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Re: AO-40 Update 2003-04-17



JON
I completely agree with your comments on 3-axis stabilization.
To use a popular cliche
"The rewards are NOT worth the risks"
Also, as I understand it~~~~
If something goes wrong "there is no recovery"
Rick

----- Original Message -----
From: "Jon Ogden" <na9d-2@speakeasy.net>
To: "John Morley" <amsat@endeavour-usa.com>; <amsat-bb@AMSAT.Org>
Sent: Friday, April 18, 2003 10:50 AM
Subject: Re: [amsat-bb] AO-40 Update 2003-04-17


on 4/17/03 8:36 PM, John Morley at amsat@endeavour-usa.com wrote:

> Your report begs the question of "What happened to the plans to transition
> AO-40 to 3 axis stabilization"? The last report (that I remember) occurred
> sometime at the end of last summer, and included a detailed plan (posted
in
> German @ amsat-dl.org) to incrementally attempt 3 axis stabilization (so
as
> to recover if things went south) beginning in Nov. 2002 when conditions
> were favorable. Since that time, I haven't heard any further information.
A
> quick scan of the amsat-dl archives reveals no further discussion of this
> topic. Have I simply missed the follow-up, or is there no new news?

John,

Not to speak for Stacey, but from what I've read on this (and yes, I have
asked this question), the pucker factor for 3 axis stabilization is pretty
high.  It's a lot of risk and doesn't buy all that much for the cost of that
risk.  The software algorithm for the orbit of AO-40 is apparently much
different than the algorithm originally planned.  In addition, it is unknown
what the effects of the "mystery" effect would be on the 3 axis
stabilization.  Is there enough torque in the wheels to counteract it?
That's an unknown.  Plus with the damage to the craft from the "event" we
still don't know if this system is 100% working and will stay 100% working.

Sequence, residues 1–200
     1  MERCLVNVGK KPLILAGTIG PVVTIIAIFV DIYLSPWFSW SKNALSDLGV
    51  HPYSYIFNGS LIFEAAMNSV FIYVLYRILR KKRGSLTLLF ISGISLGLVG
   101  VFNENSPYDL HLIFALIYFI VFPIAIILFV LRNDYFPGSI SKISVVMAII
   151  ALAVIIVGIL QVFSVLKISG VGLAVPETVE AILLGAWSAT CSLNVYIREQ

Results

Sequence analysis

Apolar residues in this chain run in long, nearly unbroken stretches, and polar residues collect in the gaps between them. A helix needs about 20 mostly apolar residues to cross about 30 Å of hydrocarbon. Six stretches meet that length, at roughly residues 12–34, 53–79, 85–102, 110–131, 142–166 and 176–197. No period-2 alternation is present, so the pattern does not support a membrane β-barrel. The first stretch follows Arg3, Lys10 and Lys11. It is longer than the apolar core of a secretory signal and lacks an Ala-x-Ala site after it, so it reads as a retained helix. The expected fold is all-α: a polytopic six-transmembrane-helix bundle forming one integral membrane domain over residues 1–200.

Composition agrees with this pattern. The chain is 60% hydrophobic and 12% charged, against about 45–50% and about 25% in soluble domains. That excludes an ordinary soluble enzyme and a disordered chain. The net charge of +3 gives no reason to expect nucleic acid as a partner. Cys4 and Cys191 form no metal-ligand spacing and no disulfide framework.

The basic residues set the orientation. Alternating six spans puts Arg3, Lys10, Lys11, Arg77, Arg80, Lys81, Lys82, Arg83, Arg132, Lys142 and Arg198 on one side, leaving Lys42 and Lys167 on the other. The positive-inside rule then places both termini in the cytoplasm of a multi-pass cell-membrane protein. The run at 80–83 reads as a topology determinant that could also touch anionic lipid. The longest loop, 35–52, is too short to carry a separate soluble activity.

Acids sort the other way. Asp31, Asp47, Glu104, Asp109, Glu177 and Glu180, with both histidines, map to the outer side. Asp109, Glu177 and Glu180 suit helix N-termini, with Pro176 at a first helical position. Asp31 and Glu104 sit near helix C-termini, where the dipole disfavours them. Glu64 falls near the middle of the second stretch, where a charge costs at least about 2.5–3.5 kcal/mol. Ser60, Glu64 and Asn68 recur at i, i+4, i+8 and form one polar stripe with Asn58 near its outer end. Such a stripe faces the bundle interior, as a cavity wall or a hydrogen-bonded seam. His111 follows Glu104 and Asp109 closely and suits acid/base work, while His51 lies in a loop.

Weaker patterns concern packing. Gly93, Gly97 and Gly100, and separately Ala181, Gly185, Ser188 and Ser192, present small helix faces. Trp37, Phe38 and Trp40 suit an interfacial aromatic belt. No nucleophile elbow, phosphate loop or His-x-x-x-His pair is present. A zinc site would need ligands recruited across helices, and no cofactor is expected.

The wheels have been tested, but beyond that, I don't know if it's known if
there's damage.  We've had other systems work for a while and then fail (ie:
S1 TX).

I think the control crew are erring on the side of being conservative.
Perhaps when Project Eagle and P3E are both in orbit and working, we can try
such a thing.  Then if we lose the bird for some reason, we still have other
ones in operation.  But if we lose AO-40 now, we have no other HEO bird out
there that works.

As I understand it, in order to use the momentum wheels, the solar panels
must be deployed.  Once deployed, we can't spin stabilize the spacecraft
like it is now.  So if we deploy the panels, start stabilization and it
fails, we are hosed.  I think Stacey once said they think they could spin it
at a much slower rate if that happened, but will that even work?

We'll get no extra benefit or transceivers (OK maybe the HF receivers!) with
the panels open and 3 axis working due to the damage done.  So from that
standpoint, we just don't gain a lot.

Someone pointed me to a great writeup on AMSAT_DL when I asked this question
a couple months ago.  I'd suggest looking at some of the old updates there
which talks a lot about this.

73,

Jon
NA9D

-------------------------------------
Jon Ogden
NA9D (ex: KE9NA)

Citizen of the People's Democratic Republik of Illinois

Life Member: ARRL, NRA
Member:  AMSAT, DXCC

http://www.qsl.net/na9d   <- Updated on 1/22/03!!!

"A life lived in fear is a life half lived."


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